That said, you don't want to make a breakup more likely, so make sure when you tell him, you give him all the facts about the illness, speak calmly and rationally, and answer any questions he may have. It's also a good idea to give him a place to get more information (like here at HealthyPlace, book, etc.). It's also important to tell the person that while you do have an illness, you are in treatment and doing much better.
Mental illness can be a scary topic, but it is possible to bring it up and still have things hold together -- but you'll only know that once you try.
- Natasha Tracy
We started chatting online with each other for two days now and within the next week I am going to ask her if she wants to start talking over the phone. Not to long after that I am going to ask her to see if she wants to meet in person for like a coffee or something.
I became stable and am on medication and functioning quite well, much better than what I was. Otherwise I wouldn't even considered putting myself out there looking for my future soul mate.
Here's the problem, when should I tell her that I have Bipolar II Disorder and am on disability (CA. disabled)? As I was saying, we've only been talking for about 3 days now. On one hand I figure I should now because I don't want to waster her time. But on the other hand, I figure until our first date in person which could be 2 weeks from now?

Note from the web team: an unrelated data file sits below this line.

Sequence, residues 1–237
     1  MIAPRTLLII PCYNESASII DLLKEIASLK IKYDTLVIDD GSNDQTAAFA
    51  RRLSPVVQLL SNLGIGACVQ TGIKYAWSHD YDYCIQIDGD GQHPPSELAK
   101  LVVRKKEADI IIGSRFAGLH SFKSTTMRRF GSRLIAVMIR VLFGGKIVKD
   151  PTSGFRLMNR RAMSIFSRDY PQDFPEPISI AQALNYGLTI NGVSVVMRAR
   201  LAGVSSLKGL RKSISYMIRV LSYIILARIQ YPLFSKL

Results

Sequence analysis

I can't do a relationship till I'm stable and ok AND till I find someone who is grown understanding and willing to work with and support me and understand me I'm only 19 so I have time
I really need to fix my abandonment issues first though
I've held onto my ex for a few months after and we finally stopped talking today and I feel like my world is ending but I'm ok and need to get better before I let anyone new seriously into my life
Because the way a guy handles it is now a very real indicator of how he thinks of me, I have zero problem telling guys as soon as they bring up being exclusive. Most have run at this point, but my current boyfriend (of 5 months) dove into doing his own research and asked me about how I would like him to handle my moods. It actually helped us grow closer. He doesn't expect me to be happy all the time, and he doesn't take the depressions personally.
My husband was my boyfriend for a year or so when I got hospitalized and diagnosed. So I didn't have to tell him anything... Instead of moving house ( we would move in together the next day), he tried to get a psychotic woman to the doctor... Can't have been too charming. But he stayed.... (my hero :-))
It seems to me that I won't be able to have a balanced and healthy relationship until I can feel more confident about myself and willing to risk initiating a relationship rather than staying in the background until a needy woman comes along who would like some help and I become her love interest rather than a friend.
I now have a brother-in-law that I call my 2nd husband who knows all my triggers & can tell when I'm having trouble who takes care of me almost as well as Jes does